Speaking Writing Articles
Ten Greatest English Poets
Chaucer, Spenser, Shakespeare, Milton, Burns, Wordsworth, Kea...
Don't say "I shall summons him," but "I shall summon him." Su...
A pronoun is a word used in place of a noun; as, "John gave h...
An interjection is a word used to express some sudden emotion...
"My brother has an undeniable character" is wrong if I wish t...
Says Ii Said
"Says I" is a vulgarism; don't use it. "I said" is correct fo...
The first requisite of style is choice of words, and this com...
A Or An
A becomes an before a vowel or before h mute for the sake of ...
Different Kinds Arrangement of Words - Paragraph
An interjection is a word used to express some sudden emotion of the
mind. Thus in the examples,--"Ah! there he comes; alas! what shall I do?"
ah, expresses surprise, and alas, distress.
Nouns, adjectives, verbs and adverbs become interjections when they are
uttered as exclamations, as, nonsense! strange! hail! away! etc.
We have now enumerated the parts of speech and as briefly as possible
stated the functions of each. As they all belong to the same family they
are related to one another but some are in closer affinity than others.
To point out the exact relationship and the dependency of one word on
another is called parsing and in order that every etymological
connection may be distinctly understood a brief resume of the foregoing
essentials is here given:
The signification of the noun is limited to one, but to any one of
the kind, by the indefinite article, and to some particular one, or
some particular number, by the definite article.
Nouns, in one form, represent one of a kind, and in another, any
number more than one; they are the names of males, or females, or of
objects which are neither male nor female; and they represent the
subject of an affirmation, a command or a question,--the owner or
possessor of a thing,--or the object of an action, or of a relation
expressed by a preposition.
Adjectives express the qualities which distinguish one person or
thing from another; in one form they express quality without
comparison; in another, they express comparison between two, or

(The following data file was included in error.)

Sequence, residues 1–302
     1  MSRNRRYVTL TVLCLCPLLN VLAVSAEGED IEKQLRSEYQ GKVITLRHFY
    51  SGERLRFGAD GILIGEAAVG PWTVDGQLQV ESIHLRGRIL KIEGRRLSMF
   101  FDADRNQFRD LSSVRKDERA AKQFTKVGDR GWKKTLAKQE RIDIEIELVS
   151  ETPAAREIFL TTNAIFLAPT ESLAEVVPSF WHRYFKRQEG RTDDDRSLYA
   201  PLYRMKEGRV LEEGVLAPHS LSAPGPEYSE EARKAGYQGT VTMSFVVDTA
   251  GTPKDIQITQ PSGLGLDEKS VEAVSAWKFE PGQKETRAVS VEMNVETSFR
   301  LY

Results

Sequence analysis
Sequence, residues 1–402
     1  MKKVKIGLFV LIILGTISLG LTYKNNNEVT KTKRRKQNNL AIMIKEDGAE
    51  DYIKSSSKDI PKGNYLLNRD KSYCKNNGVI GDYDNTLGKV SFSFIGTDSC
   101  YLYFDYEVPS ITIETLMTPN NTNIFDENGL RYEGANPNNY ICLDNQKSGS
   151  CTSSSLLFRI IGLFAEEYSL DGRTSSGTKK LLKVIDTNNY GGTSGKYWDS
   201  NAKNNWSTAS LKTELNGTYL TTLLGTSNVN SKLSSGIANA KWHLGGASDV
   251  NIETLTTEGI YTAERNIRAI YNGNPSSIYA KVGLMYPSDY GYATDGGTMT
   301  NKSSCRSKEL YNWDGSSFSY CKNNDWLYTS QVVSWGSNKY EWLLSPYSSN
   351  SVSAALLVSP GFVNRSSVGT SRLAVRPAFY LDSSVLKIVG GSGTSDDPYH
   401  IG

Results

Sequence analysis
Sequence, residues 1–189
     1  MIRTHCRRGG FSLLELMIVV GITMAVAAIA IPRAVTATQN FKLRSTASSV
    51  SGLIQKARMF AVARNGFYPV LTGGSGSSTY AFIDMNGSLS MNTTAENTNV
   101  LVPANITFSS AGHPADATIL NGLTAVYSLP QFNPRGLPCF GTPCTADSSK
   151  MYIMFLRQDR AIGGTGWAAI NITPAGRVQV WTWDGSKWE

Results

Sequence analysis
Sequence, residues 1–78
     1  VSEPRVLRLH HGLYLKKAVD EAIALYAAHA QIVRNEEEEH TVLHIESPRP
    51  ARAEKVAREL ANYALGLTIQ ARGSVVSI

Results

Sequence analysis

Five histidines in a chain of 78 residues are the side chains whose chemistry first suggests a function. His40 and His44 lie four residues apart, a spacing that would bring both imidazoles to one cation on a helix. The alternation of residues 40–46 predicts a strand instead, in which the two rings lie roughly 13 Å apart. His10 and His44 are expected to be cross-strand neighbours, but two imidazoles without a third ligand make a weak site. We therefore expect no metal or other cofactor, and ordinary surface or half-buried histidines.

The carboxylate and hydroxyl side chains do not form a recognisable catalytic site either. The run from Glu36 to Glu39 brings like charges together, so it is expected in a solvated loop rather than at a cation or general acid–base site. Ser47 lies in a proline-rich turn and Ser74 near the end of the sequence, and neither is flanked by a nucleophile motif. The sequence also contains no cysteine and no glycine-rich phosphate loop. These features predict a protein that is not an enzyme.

between one and a number taken collectively,--and in a third they
express comparison between one and a number of others taken
Pronouns are used in place of nouns; one class of them is used merely
as the substitutes of names; the pronouns of another class have a
peculiar reference to some preceding words in the sentence, of
which they are the substitutes,--and those of a third class refer
adjectively to the persons or things they represent. Some pronouns are
used for both the name and the substitute; and several are frequently
employed in asking questions.
Affirmations and commands are expressed by the verb; and different
inflections of the verb express number, person, time and manner.
With regard to time, an affirmation may be present or past or
future; with regard to manner, an affirmation may be positive or
conditional, it being doubtful whether the condition is fulfilled or
not, or it being implied that it is not fulfilled;--the verb may express
command or entreaty; or the sense of the verb may be expressed
without affirming or commanding. The verb also expresses that an
action or state is or was going on, by a form which is also used
sometimes as a noun, and sometimes to qualify nouns.
Affirmations are modified by adverbs, some of which can be
inflected to express different degrees of modification.
Words are joined together by conjunctions; and the various relations
which one thing bears to another are expressed by 'prepositions. Sudden
emotions of the mind, and exclamations are expressed by interjections.
Some words according to meaning belong sometimes to one part of speech,
sometimes to another. Thus, in "After a storm comes a calm," calm is
a noun; in "It is a calm evening," calm is an adjective; and in
"Calm your fears," calm is a verb.
The following sentence containing all the parts of speech is parsed
"I now see the old man coming, but, alas, he has walked with much
I, a personal pronoun, first person singular, masculine or feminine
gender, nominative case, subject of the verb see.
now, an adverb of time modifying the verb see.
see, an irregular, transitive verb, indicative mood, present tense,
first person singular to agree with its nominative or subject I.
the, the definite article particularizing the noun man.
old, an adjective, positive degree, qualifying the noun man.
man, a common noun, 3rd person singular, masculine gender, objective
case governed by the transitive verb see.
coming, the present or imperfect participle of the verb "to come"
referring to the noun man.
but, a conjunction.
alas, an interjection, expressing pity or sorrow.
he, a personal pronoun, 3rd person singular, masculine gender,
nominative case, subject of verb has walked.
has walked, a regular, intransitive verb, indicative mood, perfect tense,
3rd person singular to agree with its nominative or subject he.
with, a preposition, governing the noun difficulty.
much, an adjective, positive degree, qualifying the noun difficulty.
difficulty, a common noun, 3rd person singular, neuter gender,
objective case governed by the preposition with.
N.B.--Much is generally an adverb. As an adjective it is thus compared:
Positive Comparative Superlative
much more most
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